This comment was posted on the blog January 13th:
So true, Steve. I am remiss in not writing about Hubert Sumlin, the long- time guitarist for Howling Wolf and a favorite of mine. Thinking about Hubert started me thinking about what a devastating year 2011 was for many classic blues musicians.
A partial list:
|Dave "Honeyboy" Edwards|
Dave "Honeyboy" Edwards (June 18th- August 29th, 2011), a compatriot of Robert Johnson's and just about everyone else from the Mississippi Delta that ever played blues. His autobiography, The World Don't Owe Me Nothing
is a fascinating book that I highly recommend.
Eddie Kirkland (August 16, 1923 – February 27, 2011),
dead in a car accident at the age of 87. An indefatigable road warrior
who must have played three hundred nights a year, year in, year out. I
opened a show that Eddie headlined. He was a beautiful eccentric, with
the most varied array of old solid state amps I'd ever seen, all wired
together. He wore a kind of black gypsy outfit with a head scarf. He
could have been a violinist in a Hungarian restaurant in Harlem. I got
the impression that he could do anything, from wire a house to mesmerize
an audience made up of people a third his age.
|Mojo Buford on harmonica with Muddy Waters|
George "Mojo" Buford (November 10, 1929 – October 11, 2011) ,
the harp player who could always come home again, if home was the Muddy
Waters' Band. Buford played briefly with Muddy after Little Walter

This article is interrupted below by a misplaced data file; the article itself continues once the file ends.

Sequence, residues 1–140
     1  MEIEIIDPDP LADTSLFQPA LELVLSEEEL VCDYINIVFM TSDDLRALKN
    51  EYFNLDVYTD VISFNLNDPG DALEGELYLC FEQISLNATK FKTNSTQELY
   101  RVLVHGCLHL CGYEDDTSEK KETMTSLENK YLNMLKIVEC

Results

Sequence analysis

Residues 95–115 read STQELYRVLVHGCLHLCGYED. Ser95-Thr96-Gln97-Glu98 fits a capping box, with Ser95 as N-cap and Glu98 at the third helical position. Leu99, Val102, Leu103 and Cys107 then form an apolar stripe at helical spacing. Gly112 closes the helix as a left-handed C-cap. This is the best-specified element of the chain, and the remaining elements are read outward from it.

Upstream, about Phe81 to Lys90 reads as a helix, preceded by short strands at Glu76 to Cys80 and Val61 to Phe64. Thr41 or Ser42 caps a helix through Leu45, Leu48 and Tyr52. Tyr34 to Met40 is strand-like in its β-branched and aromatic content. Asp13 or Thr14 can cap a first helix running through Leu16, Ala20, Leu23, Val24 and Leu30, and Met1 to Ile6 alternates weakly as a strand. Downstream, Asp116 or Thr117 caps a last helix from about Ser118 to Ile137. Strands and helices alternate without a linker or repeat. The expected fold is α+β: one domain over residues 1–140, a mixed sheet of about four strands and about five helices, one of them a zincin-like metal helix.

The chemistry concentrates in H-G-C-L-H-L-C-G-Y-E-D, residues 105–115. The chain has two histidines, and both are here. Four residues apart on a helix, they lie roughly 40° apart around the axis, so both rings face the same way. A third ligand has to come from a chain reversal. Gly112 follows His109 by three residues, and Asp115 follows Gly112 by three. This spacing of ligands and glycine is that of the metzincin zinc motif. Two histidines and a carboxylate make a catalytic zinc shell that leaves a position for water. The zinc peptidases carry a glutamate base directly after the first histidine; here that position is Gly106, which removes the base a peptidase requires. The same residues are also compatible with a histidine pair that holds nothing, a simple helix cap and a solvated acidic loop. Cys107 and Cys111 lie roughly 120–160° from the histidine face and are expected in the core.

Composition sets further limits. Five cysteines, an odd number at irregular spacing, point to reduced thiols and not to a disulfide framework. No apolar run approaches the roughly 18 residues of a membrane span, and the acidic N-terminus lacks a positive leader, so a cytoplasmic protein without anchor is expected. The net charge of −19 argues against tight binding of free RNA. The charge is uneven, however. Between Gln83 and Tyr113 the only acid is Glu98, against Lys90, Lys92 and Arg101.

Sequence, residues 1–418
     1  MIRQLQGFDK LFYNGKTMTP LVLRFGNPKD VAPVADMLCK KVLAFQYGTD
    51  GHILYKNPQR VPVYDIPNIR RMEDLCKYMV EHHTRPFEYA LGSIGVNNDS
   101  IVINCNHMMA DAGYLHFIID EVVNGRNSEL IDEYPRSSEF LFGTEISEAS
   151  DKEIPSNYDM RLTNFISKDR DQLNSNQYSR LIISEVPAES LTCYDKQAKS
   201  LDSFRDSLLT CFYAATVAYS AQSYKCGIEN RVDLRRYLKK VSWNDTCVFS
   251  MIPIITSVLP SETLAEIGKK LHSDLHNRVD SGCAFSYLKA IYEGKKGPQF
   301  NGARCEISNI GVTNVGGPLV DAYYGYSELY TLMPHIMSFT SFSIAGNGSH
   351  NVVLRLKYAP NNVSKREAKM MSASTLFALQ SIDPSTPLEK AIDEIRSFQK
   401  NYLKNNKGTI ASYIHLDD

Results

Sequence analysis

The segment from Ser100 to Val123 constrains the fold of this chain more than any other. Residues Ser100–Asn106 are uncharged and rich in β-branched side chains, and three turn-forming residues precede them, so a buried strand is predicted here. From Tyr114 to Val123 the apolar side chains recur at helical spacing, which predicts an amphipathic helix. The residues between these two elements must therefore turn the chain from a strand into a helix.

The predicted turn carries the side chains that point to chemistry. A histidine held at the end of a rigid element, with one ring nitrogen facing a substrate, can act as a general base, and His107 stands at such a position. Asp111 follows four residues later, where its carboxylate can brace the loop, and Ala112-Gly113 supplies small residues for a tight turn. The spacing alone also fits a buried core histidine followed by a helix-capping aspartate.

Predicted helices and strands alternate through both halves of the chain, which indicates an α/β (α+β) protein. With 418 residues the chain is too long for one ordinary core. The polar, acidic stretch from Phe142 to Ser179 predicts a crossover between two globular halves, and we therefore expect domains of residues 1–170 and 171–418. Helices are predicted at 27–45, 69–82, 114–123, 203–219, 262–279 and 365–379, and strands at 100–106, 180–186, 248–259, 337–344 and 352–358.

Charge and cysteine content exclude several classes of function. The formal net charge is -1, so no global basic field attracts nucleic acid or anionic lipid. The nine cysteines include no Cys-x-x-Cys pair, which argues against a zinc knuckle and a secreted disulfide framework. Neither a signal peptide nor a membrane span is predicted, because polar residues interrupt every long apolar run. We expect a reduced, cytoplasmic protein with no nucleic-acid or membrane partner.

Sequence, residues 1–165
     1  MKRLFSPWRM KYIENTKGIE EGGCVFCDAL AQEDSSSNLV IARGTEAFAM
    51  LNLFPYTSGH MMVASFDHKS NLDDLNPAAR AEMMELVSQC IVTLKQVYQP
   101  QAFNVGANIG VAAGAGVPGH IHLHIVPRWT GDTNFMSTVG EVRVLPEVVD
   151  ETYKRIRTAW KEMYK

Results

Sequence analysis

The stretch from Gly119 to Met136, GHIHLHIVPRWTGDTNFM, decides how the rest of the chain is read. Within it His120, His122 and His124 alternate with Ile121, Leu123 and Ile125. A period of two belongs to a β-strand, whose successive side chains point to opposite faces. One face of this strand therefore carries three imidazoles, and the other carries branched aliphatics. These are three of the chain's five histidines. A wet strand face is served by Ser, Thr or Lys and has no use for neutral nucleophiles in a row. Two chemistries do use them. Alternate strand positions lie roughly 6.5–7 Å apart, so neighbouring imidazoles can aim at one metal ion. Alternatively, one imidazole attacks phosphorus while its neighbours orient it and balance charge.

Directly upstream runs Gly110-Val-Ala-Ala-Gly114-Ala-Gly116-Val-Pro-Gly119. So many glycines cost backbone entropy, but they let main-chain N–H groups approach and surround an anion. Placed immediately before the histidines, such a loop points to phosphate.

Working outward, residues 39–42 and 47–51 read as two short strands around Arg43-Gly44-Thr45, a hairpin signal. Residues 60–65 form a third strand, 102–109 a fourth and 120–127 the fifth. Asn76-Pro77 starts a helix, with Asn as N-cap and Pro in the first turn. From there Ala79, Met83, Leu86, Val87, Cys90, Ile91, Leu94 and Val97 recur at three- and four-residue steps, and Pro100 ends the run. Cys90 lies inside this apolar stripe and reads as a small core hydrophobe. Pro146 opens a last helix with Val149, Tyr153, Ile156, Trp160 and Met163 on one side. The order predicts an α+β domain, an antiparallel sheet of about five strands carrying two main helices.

left, then again after James Cotton left, then again after Paul Oscher
left and finally yet again when Jerry Portnoy left. While no one ever
thought Buford was a great harmonica player, he was a very good one, who
made a living as a solo performer in Minneapolis in- between his stints
with Muddy. Simple, unadorned lines, and good timing coupled with a
robust tone were the hallmarks of his playing.
|Lacy Gibson, right, with Willie Black, left, and Freddie Below, center|
Lacy Gibson (May 1, 1936 – April 11, 2011)
was a Chicago mainstay who never liked to travel outside the city. His jazz- influenced guitar enhanced performances by musicians as varied as Junior Wells and Sun Ra, his one- time brother- in- law. In later years Lacy and his wife Ann ran an after hours club out of their basement, and were known for the block- parties they'd put together.
|Big Jack Johnson © Bill Streber|
Big Jack Johnson (July 30, 1940 – March 14, 2011)
, a Mississippi blues mainstay died at the age of seventy, way too early. He came to prominence with the Jellyroll Kings, an electrified Delta group featuring Sam Carr on drums and Frank Frost on keyboards and harmonica. Johnson later started the Oilmen. Along with R. L. Burnside and Paul "Wine" Jones, Johnson exemplified the contemporay Delta sound.
Joseph William "Pinetop" Perkins (July 7th, 1913- March 21, 2011)
the impossible: he filled Otis Spann's piano spot in the Muddy Waters'
Band. In the course of his twelve years with Muddy, he made folks forget
Spann (or at least not miss him so much) and became one of the most